Osama Jamal ‘Abdallah Mahdi, a 32-year-old father of two, has now spent more than two years on death row in Iraq for a crime he says he didn’t commit.
His uncle is now his only hope. From his home in Wichita, Kansas, USA, more than 11,000km away, Musadik Mahdi is spearheading a campaign for his nephew’s release.
The Iraqi born engineer has contacted Congressmen, diplomats, the media and NGOs, including Amnesty International, in an attempt to get Osama’s conviction overturned. And time is running out – Musadik fears that Osama could be dragged to the gallows any day now.
“I spoke to his mother just a few days ago and she is destroyed. She keeps begging me to do something. He seems to be in very bad shape, with very little to eat. The situation is so critical he could be executed any minute now, unless the Office of the Presidency decides otherwise,” Musadik said.
The nightmare began on 15 January 2010, when Osama, then an oil technician working in Baghdad, was arrested at his office, accused of killing an Iraqi army officer more than a year earlier.
He was kept in a secret detention centre. His relatives said he was beaten with sharp objects, kicked, suspended by his arms, injured with a drill and given electric shocks all over his body to make him “confess” to the crime.
The evidence in support of Osama seems overwhelming. His boss said he was at work at the time of the killing; 120 Kilometres from where the crime took place. A co-defendant who had initially testified against him, later withdrew his statement. Those who testified at court were not eyewitnesses to the killing.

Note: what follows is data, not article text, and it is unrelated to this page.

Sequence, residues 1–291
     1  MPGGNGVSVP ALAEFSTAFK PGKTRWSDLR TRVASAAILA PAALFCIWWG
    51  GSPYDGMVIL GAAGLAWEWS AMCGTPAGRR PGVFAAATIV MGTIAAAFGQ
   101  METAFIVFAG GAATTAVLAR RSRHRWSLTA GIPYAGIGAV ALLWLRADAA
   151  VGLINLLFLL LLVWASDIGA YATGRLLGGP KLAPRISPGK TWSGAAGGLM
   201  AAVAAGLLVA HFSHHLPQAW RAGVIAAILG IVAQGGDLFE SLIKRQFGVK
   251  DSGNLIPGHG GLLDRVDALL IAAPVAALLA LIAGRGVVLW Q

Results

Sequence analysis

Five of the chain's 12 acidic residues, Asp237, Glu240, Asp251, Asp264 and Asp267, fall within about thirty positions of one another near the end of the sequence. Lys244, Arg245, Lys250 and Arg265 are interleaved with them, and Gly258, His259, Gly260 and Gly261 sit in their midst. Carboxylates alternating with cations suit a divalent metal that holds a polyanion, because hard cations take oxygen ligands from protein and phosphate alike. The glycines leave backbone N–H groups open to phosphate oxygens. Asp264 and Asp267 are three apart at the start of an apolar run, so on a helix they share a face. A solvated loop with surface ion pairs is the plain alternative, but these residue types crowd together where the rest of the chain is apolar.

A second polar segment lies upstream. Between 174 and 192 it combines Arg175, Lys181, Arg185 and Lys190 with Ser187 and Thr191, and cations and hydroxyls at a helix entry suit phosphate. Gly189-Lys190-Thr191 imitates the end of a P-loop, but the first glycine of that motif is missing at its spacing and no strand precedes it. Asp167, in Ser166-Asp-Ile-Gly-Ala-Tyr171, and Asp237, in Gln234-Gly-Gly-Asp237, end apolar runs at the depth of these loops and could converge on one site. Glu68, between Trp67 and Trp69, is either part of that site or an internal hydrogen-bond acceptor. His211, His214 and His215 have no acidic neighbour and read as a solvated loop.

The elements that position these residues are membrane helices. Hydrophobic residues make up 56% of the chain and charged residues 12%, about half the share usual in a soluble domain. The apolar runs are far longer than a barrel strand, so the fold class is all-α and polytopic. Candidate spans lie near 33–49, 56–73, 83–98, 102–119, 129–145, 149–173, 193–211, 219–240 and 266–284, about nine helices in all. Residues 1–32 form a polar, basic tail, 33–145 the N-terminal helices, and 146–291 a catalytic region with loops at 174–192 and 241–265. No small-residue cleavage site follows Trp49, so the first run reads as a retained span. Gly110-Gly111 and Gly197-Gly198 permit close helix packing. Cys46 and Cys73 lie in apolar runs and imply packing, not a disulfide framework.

His lawyers even presented photos taken by the Forensic Medical Institute in Baghdad, showing “20 discoloration marks” in various shapes and sizes which supported the allegations of torture.
But this was not enough.
Osama’s forced “confession” was used as prime evidence in a sham trial that lasted only a day in December 2011. He was convicted under Iraq’s Anti-Terrorism Law and sentenced to death.
Now the father of two spends every hour waiting for the moment prison guards at the Nasseriya Central Prison, Dhi Qar governorate in southern Iraq, come to his cell and take him to the gallows.
Only way out
Osama’s wife, Najap, visited him last month, and described to Musadik the deplorable conditions in the jail.
“Najap told me Osama is kept in chains, on his feet and hands. That he is being tortured daily, and was taken to the gallows twice to scare him before being returned back to the cell. They are playing with his mind. They torture him mentally, they treat him like an animal. Even animals have more rights,” said Musadik.
“His children are now four and five. His wife is desperate and suffering a lot. Before being arrested Osama had bought a piece of land and was starting to build his home and his life with his family – then all this happened.”
Osama’s mother, along with his two brothers, have now fled to Turkey after they received death threats for not paying compensation to the relatives of the dead officer.
Osama’s story is not uncommon in Iraq. In its recent report “Death sentences and executions 2013” Amnesty International documented at least 169 executions in 2013 – up from at least 129 in 2012. Many prisoners are executed after convictions based on “confessions” extracted under torture.
“The story of Osama is yet another sickening example of what happens when individuals fall prey to a judicial system that is faulty to the core – there are lives at stake,” said Said Haddadi, Iraq researcher at Amnesty International.
“There’s absolutely no question that Osama’s case must be immediately reviewed and those responsible for his torture brought to justice.”
Musadik is tireless in his efforts to save his nephew and, to his credit, the case is gaining ground. His aim: to save his nephew from death.
“I just want them to send him back to his wife and children. They accused him with no proof. I have reviewed all the court files and it’s a joke. There’s no proof, no witness against him,” Musadik said.